Little Imps

One of my friends who is also a reader here told me that she wishes I would write shorter, more frequent posts. That makes sense to me, given I recently read that people rarely finish what they start online. At this rate, Of Mice and Men is going to seem like an impossibly long novel.

Last night at dinnertime they both cried. There is nothing that goes to my brain stem like an ice pick faster than the chorus of both my daughters, ages 2 and 4, wailing in spoiled brat agony.

That’s right. I called my own children spoiled brats. Which is really more of a criticism of me and Odie than of them.

“Love and Logic” is a philosophy of parenting that I agree with on principle, but it’s fascinating how our reactions are hard-wired. For example, I can’t break Odie of the habit of “asking” the girls to do things instead of telling them. For example, he will say, “Viva, I asked you to put on your shoes,” Whereas I will say, “PUT ON YOUR SHOES BEFORE I BURN ALL OF YOUR TOYS TO CINDERS!”

I’m supposed to give the girls choices between two things I can live with, but it’s meant to be “Do you want to eat peas or green beans?” not “You can sit here and eat your dinner then watch T.V. or you can get in the bath and then go right to bed. What’s it going to be?” Unsurprisingly, my way of doing it elicits renewed wails of agony. Pringles has reached an age where everything Viva does, she copies. Viva couldn’t be more delighted. Suddenly her little sister has turned into a robot that she can program. A robot that bites her.

Viva will usually respond to my “two choices I can live with” by knitting her eyebrows together and saying, “But I don’t want either one of those things!” She’s also excellent at responding by giving ME two choices that she feels are equally acceptable such as, “How about I watch my show, and then I get ice cream, or I watch my show and then I get Star Wars gummies?”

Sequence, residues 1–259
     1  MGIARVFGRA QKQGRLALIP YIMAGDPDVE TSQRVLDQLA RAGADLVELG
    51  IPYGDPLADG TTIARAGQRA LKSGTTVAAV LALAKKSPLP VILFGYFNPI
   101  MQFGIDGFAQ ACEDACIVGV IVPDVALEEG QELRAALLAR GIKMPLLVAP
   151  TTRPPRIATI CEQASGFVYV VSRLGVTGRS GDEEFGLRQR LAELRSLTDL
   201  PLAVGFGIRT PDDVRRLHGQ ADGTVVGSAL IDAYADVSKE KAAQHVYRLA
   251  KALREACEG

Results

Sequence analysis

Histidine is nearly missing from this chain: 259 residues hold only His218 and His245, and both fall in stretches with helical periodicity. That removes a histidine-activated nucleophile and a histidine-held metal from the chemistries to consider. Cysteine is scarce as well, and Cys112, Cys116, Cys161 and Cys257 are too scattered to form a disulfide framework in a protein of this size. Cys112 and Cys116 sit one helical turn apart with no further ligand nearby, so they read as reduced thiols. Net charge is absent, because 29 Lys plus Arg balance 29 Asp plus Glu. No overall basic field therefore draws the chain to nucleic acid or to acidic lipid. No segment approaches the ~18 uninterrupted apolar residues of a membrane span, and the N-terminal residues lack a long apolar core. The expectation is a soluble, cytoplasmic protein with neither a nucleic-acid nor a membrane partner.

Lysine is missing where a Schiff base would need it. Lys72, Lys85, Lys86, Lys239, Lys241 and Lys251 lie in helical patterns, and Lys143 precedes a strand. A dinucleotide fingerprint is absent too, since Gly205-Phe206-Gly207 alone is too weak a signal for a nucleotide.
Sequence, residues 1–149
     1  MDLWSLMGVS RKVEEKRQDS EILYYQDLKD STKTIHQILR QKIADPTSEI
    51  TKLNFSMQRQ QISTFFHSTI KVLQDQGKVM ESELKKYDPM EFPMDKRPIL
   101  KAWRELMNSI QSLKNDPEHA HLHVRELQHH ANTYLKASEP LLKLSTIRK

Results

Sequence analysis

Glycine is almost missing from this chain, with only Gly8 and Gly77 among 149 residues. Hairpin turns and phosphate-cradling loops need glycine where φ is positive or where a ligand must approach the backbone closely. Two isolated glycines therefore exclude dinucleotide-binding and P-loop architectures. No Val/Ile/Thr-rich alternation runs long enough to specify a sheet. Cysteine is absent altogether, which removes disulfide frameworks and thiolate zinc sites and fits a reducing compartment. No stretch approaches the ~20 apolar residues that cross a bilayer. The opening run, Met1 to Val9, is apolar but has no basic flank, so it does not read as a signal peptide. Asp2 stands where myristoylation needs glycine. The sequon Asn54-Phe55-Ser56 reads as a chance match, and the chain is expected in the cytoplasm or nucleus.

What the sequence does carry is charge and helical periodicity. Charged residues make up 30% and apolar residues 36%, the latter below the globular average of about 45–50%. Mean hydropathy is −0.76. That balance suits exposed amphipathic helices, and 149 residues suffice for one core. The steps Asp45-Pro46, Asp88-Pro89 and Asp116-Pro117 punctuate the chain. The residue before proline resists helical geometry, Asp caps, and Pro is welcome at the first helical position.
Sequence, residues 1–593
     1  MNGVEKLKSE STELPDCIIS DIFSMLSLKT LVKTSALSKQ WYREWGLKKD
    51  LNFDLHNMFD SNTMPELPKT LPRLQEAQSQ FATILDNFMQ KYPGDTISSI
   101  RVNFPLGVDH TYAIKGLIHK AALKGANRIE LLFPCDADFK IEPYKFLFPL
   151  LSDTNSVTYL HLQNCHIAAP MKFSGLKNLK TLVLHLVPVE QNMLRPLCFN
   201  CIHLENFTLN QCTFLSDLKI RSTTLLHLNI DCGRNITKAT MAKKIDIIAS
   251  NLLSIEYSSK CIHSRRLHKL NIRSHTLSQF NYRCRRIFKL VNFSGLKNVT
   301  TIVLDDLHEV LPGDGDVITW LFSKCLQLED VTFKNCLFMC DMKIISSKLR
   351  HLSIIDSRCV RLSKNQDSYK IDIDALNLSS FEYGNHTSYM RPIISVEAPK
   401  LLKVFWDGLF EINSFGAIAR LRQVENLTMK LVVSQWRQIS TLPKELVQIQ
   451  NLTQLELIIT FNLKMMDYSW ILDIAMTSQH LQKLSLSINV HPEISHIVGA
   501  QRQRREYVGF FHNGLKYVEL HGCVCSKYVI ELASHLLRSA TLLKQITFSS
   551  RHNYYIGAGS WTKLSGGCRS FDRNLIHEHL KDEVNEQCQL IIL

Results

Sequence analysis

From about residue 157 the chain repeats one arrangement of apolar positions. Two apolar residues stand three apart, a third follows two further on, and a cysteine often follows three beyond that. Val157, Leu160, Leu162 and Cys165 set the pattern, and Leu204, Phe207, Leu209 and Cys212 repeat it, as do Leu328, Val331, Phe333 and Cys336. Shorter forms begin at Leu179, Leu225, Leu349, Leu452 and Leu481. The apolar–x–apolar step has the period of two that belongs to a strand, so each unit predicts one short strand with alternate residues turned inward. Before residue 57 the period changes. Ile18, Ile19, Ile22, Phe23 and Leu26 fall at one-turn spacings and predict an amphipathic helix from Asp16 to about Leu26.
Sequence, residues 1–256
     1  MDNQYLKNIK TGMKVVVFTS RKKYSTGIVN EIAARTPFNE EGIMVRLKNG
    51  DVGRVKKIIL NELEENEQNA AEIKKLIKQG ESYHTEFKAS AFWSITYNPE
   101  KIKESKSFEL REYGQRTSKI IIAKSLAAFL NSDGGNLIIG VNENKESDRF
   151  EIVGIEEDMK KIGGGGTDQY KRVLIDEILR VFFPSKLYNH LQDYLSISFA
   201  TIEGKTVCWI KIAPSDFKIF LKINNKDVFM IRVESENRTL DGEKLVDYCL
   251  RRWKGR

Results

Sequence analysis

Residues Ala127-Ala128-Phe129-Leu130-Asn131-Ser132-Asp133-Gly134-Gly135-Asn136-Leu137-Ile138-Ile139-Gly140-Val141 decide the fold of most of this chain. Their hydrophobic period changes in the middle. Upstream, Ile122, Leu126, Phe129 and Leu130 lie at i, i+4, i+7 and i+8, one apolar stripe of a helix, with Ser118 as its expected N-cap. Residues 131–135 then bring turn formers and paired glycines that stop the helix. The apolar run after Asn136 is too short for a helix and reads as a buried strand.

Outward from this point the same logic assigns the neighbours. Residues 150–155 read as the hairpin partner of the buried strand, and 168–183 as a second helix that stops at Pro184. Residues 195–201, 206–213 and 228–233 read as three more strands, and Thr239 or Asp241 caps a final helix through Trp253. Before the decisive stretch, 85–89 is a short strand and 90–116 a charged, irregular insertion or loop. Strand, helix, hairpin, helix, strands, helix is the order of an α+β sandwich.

Somehow I got them to eat, then into a cool tub full of bath toys. They balked at getting into the tub, then they refused to get out. Viva looked me dead in the face last night and announced, “I’m not getting out of the tub, Mommy, and you’re not going to do anything about it.”

It must have been my expression, because she quickly said, “I’m getting out right now,” and scrambled onto the linoleum.

We chased naked Pringles who runs around screeching “NAYYYYY-KEEEED!” We got them into mismatched pajamas and told them to pick out books. Viva knows I hate this particularly long and dull adaptation called Kashtanka, so she requests it every night. They also love to help me read and record on my Nook, then snicker listening to their own voices played back for them. Odie and I take turns reading books. Pringles still nurses at bedtime, which I hate, but I’m too lazy to wean her completely. And maybe I’m not ready to stop breastfeeding forever and admit that my “baby” is not a baby at all but a little girl.

A little girl who got out of bed and ran around the house impishly about 12 times last night. “I’ma yittle IMP!” she confesses honestly.

“Sweetie, it’s time for bed. Aren’t you tired?”

“No. Not ti-yerd, Mommy.”

We started the bedtime hustle at 8:00; both kids were asleep at 9:50.